Should we let students work out lesson objectives for themselves?
In her exciting and refreshingly practical book The Spider Strategy, Marcella McCarthy draws our attention to a clever strategy called Invisible Sun.
The point of Invisible Sun is to keep students in the dark and purposely not tell them what the lesson objective (LO) is.
Marcella recommends that we have the LO written out somewhere but covered up and then students have to work out what this is as the lesson progresses.
This technique is an unusual way of engaging students as it gets them to speculate and unearth the purpose of their activities. It becomes a sort of mystery to solve and students have “a real sense of achievement when they get it right.”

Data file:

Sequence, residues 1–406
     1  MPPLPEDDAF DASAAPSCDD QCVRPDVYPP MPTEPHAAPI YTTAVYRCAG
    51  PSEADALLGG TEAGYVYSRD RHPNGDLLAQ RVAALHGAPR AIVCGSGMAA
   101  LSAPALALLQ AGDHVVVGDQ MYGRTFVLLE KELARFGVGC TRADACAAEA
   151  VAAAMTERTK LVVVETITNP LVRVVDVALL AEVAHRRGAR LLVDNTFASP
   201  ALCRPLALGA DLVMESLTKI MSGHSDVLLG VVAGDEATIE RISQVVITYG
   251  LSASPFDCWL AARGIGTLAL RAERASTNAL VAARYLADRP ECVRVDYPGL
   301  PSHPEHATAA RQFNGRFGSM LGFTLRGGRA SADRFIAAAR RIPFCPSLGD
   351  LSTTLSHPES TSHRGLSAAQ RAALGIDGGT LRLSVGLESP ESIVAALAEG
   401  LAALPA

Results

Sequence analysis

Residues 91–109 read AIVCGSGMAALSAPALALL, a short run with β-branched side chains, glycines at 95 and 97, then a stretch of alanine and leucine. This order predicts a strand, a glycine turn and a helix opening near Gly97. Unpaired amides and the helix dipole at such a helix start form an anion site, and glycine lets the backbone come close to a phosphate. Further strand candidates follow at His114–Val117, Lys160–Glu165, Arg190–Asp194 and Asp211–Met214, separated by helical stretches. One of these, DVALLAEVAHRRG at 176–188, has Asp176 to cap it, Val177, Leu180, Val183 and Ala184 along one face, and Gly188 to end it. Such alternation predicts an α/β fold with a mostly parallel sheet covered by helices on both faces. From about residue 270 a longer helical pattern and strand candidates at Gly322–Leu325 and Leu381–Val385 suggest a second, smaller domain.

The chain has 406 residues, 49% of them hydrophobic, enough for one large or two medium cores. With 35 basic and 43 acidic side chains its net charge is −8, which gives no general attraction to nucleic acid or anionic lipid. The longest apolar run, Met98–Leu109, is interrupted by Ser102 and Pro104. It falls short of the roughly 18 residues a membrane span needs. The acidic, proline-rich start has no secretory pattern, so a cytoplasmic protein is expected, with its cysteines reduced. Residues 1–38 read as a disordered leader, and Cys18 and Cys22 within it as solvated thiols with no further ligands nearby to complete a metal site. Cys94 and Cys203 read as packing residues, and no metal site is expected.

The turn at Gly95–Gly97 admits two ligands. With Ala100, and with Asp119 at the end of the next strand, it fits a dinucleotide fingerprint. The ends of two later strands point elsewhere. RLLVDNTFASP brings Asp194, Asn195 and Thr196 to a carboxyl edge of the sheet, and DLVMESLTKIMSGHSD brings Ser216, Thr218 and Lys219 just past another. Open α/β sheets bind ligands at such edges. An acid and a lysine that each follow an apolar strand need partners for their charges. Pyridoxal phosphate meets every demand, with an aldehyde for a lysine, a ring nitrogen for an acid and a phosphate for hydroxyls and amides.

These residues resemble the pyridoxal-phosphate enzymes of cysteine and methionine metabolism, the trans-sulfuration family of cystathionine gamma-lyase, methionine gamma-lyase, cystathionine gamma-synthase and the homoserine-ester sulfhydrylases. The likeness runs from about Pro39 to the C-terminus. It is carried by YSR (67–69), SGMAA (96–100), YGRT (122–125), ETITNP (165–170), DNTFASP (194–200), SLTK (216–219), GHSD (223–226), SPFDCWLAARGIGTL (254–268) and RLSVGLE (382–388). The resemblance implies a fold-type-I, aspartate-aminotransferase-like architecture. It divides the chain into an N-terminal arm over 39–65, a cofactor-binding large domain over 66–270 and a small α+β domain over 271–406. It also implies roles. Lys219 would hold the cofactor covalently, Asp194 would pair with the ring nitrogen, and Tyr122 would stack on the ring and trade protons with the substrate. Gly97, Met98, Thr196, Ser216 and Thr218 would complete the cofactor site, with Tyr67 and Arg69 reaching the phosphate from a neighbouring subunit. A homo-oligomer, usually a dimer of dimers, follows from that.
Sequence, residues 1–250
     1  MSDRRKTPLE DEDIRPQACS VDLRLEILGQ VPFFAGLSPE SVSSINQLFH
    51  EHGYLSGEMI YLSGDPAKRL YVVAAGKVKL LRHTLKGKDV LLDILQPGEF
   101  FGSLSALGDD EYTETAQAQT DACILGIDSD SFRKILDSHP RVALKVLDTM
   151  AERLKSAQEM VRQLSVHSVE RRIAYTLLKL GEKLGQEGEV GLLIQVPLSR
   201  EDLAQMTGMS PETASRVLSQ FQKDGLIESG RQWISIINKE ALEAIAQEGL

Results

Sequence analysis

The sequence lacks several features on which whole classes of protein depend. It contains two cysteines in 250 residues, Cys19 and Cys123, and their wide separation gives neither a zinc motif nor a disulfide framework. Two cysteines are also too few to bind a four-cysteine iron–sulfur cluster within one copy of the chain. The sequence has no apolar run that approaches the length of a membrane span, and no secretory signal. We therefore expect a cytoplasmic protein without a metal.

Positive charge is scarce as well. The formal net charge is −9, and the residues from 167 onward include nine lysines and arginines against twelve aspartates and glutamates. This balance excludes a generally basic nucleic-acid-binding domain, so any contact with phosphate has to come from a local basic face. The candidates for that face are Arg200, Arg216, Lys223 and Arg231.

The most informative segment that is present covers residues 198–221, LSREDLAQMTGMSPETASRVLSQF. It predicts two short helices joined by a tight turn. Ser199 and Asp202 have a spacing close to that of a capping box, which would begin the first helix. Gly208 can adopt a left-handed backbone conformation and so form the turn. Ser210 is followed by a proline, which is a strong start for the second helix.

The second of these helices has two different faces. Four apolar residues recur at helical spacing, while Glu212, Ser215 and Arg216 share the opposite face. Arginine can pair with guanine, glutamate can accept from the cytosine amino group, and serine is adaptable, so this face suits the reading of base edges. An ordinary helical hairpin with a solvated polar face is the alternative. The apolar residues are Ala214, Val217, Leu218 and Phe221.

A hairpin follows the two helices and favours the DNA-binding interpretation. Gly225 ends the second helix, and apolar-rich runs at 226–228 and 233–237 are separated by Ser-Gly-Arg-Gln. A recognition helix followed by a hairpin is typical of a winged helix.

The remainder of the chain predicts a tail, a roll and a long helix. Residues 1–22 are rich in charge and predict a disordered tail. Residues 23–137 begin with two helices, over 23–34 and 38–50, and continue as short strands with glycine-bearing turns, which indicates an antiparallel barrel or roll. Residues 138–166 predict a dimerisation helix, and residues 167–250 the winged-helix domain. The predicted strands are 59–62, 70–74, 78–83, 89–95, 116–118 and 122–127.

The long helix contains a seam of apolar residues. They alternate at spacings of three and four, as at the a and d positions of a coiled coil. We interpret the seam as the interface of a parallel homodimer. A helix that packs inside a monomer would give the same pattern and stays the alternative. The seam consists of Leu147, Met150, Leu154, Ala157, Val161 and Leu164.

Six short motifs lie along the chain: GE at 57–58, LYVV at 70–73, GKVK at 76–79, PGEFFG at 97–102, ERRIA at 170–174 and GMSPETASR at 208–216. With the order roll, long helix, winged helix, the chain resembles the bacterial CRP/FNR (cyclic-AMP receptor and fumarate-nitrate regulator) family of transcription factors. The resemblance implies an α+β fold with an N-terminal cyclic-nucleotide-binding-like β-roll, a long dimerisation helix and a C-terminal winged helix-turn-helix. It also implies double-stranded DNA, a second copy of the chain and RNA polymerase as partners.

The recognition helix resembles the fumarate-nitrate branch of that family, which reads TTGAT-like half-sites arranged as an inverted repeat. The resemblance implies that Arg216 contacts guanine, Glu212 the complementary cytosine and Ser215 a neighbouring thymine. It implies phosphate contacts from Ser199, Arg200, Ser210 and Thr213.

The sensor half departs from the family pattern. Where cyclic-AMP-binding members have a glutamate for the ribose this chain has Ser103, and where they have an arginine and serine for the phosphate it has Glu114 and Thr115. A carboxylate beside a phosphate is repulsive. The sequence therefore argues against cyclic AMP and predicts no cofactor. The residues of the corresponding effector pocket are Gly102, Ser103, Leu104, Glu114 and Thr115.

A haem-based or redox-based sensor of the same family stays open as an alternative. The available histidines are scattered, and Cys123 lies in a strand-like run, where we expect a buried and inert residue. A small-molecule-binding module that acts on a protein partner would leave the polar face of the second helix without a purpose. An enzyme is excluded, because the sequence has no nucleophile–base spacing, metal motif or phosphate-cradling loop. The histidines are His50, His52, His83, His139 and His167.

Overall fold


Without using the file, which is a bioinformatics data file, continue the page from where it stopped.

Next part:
Make It Fuzzy
Another way to approach the sharing or not sharing of LOs with students is to present them with options.
The Fuzzy Objectives strategy involves writing three objectives up at the beginning of a lesson that are visible.
By the end of the lesson, students have to work out two objectives that are incorrect or fuzzy and which one of the three objectives is the actual aim of the lesson.
Fuzzy Objectives might sound like it will confuse students but this depends on how you write the three alternatives. One of the best ways of writing them is to implant a couple of misconceptions as options and this will support students to recognise faulty thinking.
Try Invisible Sun and Fuzzy Objectives and share these ideas with your colleagues.